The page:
ASUS ZenBook 4K (UX510UX): If You Need an Ultra HD Laptop…

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ASUS Zenbook 4K review
ASUS UX510UX (also known as ZennBook 4K): Credit: ASUS

As part of my work with another outlet, ASUS has sent me eight laptops (and counting) for review consideration over the past few months. One in particular was pretty cool and I thought GeekDad readers might be interested in it: the ZenBook 4K. Or, technically, the UX510UX. I’m not sure I would make full use of a 4K laptop, but the display on this one sure is nice.

While I am constantly working with a wide range of Windows laptops, I’m a Mac guy when it comes to my personal computers. However, the ASUS ZenBook 4K was really a joy to use. Here’s why it made an impression. It’s an attractive laptop.

1. It has a pretty decent (backlit) keyboard and more uncommonly, the touchpad is excellent. So many Windows laptops have a touchpad that’s too small and frustratingly unresponsive. Or sporadically responsive. The ZenBook 4K’s touchpad is glass covered and worked just as well as anything Apple puts out. Which is to say, it consitently worked the way it is supposed to.

ASUS ZenBook 4K review

ASUS ZenBook 4K review
At 250 Percent magnification, the ZenBook 4K display is just about right for web surfing, writing, etc… (Photo by Brad Moon)

2. The “Zen” design of circular polished aluminum is attractive, feels solid and well finished and does a good job of not attracting fingerprints.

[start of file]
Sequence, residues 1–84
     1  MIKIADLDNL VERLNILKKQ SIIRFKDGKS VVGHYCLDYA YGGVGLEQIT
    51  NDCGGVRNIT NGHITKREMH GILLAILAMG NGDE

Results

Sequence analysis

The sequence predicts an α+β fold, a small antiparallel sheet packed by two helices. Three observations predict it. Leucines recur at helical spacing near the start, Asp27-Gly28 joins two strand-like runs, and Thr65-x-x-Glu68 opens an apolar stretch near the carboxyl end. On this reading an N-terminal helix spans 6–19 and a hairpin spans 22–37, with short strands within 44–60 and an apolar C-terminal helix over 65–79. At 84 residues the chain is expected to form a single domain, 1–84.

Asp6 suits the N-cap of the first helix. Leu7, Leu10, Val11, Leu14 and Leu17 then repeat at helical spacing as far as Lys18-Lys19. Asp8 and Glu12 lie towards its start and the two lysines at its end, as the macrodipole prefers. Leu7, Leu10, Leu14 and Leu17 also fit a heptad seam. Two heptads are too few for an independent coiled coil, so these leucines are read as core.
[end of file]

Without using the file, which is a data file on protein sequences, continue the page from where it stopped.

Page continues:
3. That display. It’s a 15.6-inch LED-backlit display with anti-glare treatment at 3840 x 2160 resolution. That’s 282 ppi, so everything is razor sharp. It also has an ultra-wide color gamut (74% AdobeRGB) and a 178-degree viewing angle. It’s also bright and that— combined with the anti-glare treatment —meant I could actually use it outdoors, during the day. Without squinting. Watching 4K video on the display was simply amazing. Going back to the relatively lousy 2012-era not even Full HD display on my MacBook Air was painful after this one. The only thing is text is virtually unreadable at native resolution, at least for my eyes (ASUS ships it set to 250 percent magnification by default, so I’m not the only one). You can get a lot of text onscreen if you want, and it’s razor sharp, but so, so tiny…

4K display makes for tiny text
4K resolution on a 15.6-inch laptop makes for awesome 4K video, but for everyday use the native text is crazy small (Photo by Brad Moon)

The rest of the specs on my loaner were decent for a mid-range Windows laptop. The latest Core i7 CPU, 16GB of RAM and an Nvidia 950M graphics card with 2GB of video RAM. Storage was a balance between speed and capacity with a 128GB PCIe SSD  for zippy operation and 1TB HDD for mass storage. It also has 802.11ac (it better have to stream 4K video) and besides a full complement of ports, there’s USB-C as well. Battery life was in the eight hour range.

You could do some gaming on this laptop, although with the 950M you’re not going to be able to crank the effects. As much as I loved the 4K display, if it were me and I was going to be using it for working as much as for watching video, I’d save a few hundred bucks — and the hassle of constantly switching the screen to 250 percent magnification to actually be able read anything — and go for the Full HD version instead.

But if you want 4K in a laptop, the ASUS ZenBook 4K is worth checking out.

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